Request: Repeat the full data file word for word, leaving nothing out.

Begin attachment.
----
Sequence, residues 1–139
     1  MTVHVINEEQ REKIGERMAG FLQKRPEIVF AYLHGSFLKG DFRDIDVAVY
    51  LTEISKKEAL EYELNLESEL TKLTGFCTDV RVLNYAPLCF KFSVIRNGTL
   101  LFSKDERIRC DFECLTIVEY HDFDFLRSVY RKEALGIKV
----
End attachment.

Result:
Sequence, residues 1–139
     1  MTVHVINEEQ REKIGERMAG FLQKRPEIVF AYLHGSFLKG DFRDIDVAVY
    51  LTEISKKEAL EYELNLESEL TKLTGFCTDV RVLNYAPLCF KFSVIRNGTL
   101  LFSKDERIRC DFECLTIVEY HDFDFLRSVY RKEALGIKV